What has this to do with Trump? Cohen was his fixer and I’m not sure how many of the felonies he’ll be sentenced on relate to Trump or his organisation. Some reports claim that more than one felony relates to the 2016 campaign. What is clear is that Cohen seems bent on revenge for the way Trump, who never treated him particularly well in spite of his loyalty, dropped him like a hot potato shortly after Cohen’s offices and home were raided by the FBI. In pleading guilty to one charge of campaign violations relating to the Stormy Daniels payment, Cohen implicated Trump as the person who directed his activities. This should have led directly to Trump’s arrest, but for some reason this hasn’t happened. In any case it stands to reason that whatever Cohen’s sentence on this particular count, Trump’s should be greater, as the ‘Mr Big’ in this case.

Of course Trump’s legal jeopardy from the Cohen direction is probably, or hopefully, more considerable than just the Stormy matter. Cohen struck a plea deal with the SDNY, clearly in the hope of getting a lighter sentence in return for dirt on Trump, but the plea deal seems to have been minimal, most likely because the Mueller team, who are surely in close contact with SDNY, have enough dirt on Trump already (particularly from the raid on Cohen’s offices and home, conducted by the SDNY, but nothing prevents the FBI from sharing information – in fact such sharing is essential), and they don’t like working with criminals if they can help it. Still, they may call on Cohen if they need to, which all spells trouble for Trump. Meanwhile, Emily Jane Fox writes In Vanity Fair (September 11) that Cohen’s attorney is set to meet New York State tax officials who are looking into the Trump Organisation’s finances. Hopefully Cohen will have more damning stuff on that topic. I should also add that it’s this SDNY probe into Cohen that has granted immunity to the CFO of the Trump Organisation, as well as to David Pecker, chief of the National Enquirer, a gutter mag dedicated to spruiking Trump’s ‘qualities’ and to ‘catching and killing’ negative stories about him. So, more legal jeopardy there.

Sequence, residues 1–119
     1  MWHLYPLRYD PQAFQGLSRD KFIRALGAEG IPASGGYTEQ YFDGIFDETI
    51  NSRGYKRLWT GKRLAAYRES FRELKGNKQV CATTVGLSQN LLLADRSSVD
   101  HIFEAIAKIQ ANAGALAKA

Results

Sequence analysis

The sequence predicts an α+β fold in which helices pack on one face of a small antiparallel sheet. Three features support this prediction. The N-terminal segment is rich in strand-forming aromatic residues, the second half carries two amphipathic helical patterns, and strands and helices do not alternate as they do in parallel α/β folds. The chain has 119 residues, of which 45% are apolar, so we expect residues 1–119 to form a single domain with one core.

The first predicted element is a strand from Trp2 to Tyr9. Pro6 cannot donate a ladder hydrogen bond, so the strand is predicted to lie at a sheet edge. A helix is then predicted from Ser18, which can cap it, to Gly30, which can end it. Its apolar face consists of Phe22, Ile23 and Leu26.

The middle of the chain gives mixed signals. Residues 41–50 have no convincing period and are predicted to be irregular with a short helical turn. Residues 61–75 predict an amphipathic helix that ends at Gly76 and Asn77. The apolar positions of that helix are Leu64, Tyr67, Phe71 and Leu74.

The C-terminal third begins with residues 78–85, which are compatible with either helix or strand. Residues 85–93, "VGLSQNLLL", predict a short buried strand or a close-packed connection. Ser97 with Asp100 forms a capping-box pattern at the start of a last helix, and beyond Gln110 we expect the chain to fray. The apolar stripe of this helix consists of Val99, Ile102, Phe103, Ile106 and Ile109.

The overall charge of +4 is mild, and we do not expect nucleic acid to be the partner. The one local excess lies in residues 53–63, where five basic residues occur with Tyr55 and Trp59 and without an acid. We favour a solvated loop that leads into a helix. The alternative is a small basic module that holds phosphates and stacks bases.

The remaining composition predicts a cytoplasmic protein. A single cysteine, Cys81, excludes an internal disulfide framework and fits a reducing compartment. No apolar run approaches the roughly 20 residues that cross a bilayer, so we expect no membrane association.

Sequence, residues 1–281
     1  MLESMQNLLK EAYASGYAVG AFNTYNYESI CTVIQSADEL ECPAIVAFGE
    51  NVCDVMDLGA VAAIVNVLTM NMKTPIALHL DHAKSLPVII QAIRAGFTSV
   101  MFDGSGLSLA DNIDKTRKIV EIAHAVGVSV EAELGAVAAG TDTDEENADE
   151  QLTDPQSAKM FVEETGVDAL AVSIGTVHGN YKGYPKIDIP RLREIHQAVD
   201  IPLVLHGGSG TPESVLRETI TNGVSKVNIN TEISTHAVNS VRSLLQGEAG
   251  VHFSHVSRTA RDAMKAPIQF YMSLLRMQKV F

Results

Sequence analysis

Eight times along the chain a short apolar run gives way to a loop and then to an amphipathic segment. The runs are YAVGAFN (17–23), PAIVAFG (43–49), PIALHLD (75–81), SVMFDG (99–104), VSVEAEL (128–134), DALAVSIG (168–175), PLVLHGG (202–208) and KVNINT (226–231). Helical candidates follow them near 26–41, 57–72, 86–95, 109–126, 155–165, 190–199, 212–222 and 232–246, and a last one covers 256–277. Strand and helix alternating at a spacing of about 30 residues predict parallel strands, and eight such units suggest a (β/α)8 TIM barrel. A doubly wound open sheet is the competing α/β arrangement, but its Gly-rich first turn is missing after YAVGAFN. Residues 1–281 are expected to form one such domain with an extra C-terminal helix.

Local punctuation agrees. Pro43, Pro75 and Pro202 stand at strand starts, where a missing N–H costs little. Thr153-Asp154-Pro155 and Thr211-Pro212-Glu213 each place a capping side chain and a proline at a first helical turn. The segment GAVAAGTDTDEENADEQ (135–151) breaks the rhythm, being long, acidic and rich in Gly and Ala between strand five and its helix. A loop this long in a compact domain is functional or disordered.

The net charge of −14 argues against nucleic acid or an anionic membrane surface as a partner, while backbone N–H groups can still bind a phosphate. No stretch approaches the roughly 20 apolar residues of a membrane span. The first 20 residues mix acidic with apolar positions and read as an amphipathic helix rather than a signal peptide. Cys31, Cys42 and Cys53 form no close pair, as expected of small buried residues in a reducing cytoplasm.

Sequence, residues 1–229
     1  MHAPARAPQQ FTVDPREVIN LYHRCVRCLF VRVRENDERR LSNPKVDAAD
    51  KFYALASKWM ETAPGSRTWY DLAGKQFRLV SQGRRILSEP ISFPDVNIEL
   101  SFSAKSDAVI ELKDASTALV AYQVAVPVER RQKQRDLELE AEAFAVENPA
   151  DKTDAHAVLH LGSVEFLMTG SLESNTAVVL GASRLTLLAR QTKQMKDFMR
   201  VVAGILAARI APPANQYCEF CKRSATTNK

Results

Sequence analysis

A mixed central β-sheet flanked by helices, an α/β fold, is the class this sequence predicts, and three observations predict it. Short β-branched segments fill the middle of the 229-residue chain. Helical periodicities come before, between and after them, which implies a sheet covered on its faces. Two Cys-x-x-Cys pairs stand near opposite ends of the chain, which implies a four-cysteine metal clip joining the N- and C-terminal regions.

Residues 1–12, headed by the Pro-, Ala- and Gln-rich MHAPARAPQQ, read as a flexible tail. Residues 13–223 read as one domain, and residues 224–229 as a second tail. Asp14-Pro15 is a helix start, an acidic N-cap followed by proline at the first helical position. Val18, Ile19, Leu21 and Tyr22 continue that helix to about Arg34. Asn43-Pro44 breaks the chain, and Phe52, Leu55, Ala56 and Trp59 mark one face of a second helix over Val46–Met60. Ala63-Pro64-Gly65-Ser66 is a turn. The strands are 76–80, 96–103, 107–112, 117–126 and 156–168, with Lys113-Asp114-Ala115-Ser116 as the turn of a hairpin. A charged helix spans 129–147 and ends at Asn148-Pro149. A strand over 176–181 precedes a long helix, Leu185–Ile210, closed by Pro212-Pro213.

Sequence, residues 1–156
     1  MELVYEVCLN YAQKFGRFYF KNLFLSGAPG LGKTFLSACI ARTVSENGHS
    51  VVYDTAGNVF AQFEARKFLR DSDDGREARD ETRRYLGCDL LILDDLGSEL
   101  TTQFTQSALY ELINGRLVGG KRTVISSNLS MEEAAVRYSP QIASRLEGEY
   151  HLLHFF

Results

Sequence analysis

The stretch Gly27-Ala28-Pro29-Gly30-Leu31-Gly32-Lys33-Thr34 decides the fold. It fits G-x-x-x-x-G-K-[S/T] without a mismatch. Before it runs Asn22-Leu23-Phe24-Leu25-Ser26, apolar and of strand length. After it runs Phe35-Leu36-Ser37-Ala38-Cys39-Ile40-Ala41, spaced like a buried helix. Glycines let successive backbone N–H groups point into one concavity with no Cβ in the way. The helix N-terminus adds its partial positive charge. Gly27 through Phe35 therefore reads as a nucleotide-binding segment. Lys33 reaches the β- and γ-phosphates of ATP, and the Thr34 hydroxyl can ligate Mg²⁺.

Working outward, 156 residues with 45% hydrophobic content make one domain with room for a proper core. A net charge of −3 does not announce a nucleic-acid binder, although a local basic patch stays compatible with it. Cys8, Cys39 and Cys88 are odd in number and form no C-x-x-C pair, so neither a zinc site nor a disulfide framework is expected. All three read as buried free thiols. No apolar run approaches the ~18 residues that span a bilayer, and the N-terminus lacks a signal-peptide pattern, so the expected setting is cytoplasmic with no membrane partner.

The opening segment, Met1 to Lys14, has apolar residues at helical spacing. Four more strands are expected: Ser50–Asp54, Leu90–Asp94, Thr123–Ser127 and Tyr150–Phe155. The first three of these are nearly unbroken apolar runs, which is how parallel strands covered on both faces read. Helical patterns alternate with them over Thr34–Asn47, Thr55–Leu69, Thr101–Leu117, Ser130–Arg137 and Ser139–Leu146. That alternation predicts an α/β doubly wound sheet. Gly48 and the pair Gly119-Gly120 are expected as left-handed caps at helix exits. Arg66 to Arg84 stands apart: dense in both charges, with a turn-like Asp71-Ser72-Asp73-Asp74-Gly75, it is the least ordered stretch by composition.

Secondly, on those New York State tax officials. A Washington Post article from July 20 revealed that the state’s tax agency is investigating Trump’s personal charity (sic), the Trump Foundation. New York’s embattled governor, Andrew Cuomo, who appears to have launched the investigation under pressure from constituents, has said that the probe could lead to criminal charges. Trump’s children would be involved as well as himself.

Thirdly, the tax probe comes on the heels of a civil suit, filed in June by the New York Attorney-General, claiming that Trump and three of his children ran a charity ‘engaged in persistently illegal conduct.’ The Attorney-General’s department has been considering pursuing criminal charges, but apparently there’s a race to become the next Attorney-General there, and the Democratic candidates are all promising to go after Trump if elected. They’re hoping to focus on the Emoluments Clause in the Constitution, which is altogether a good thing. Not being well up on how the US electoral system works, I’m not sure how long it will take for this all to be sorted, but it definitely looks like there will be an annihilation of Republicans in the mid-terms, and this Attorney-General race will be caught up in that. So, more trouble for Trump.

Fourthly, the next Manafort trial starts soon, and it involves Russia. Manafort is apparently trying to negotiate a plea deal as I write, one that won’t involve dumping on Trump, and won’t involve actually going through the trial process. It’s hard to imagine that happening. An article in Fortune, out yesterday (September 13) claims that a deal has more or less been struck, but it’s hard to imagine such a deal not involving Trump. This deal may be announced as early as today. Considering that the Mueller team holds all the cards – a slam-dunk set of convictions on the second trial, and the possibility of retrying the ten counts that were left undecided in the first trial, it’s hard to imagine that Mueller wouldn’t have extracted some damning evidence about Trump, the campaign, and Russian money in exchange for any deal. Maybe Trump won’t be touting Manafort as a ‘great guy’ for much longer – but on the other hand, Manafort may just be lookingfor a way to avoid the expense of a court case he can’t win, and he’s hanging out for a pardon from Trump.

And fifthly, the Mueller probe itself. I see it dividing into three parts – conspiracy, obstruction of justice, and financial crimes.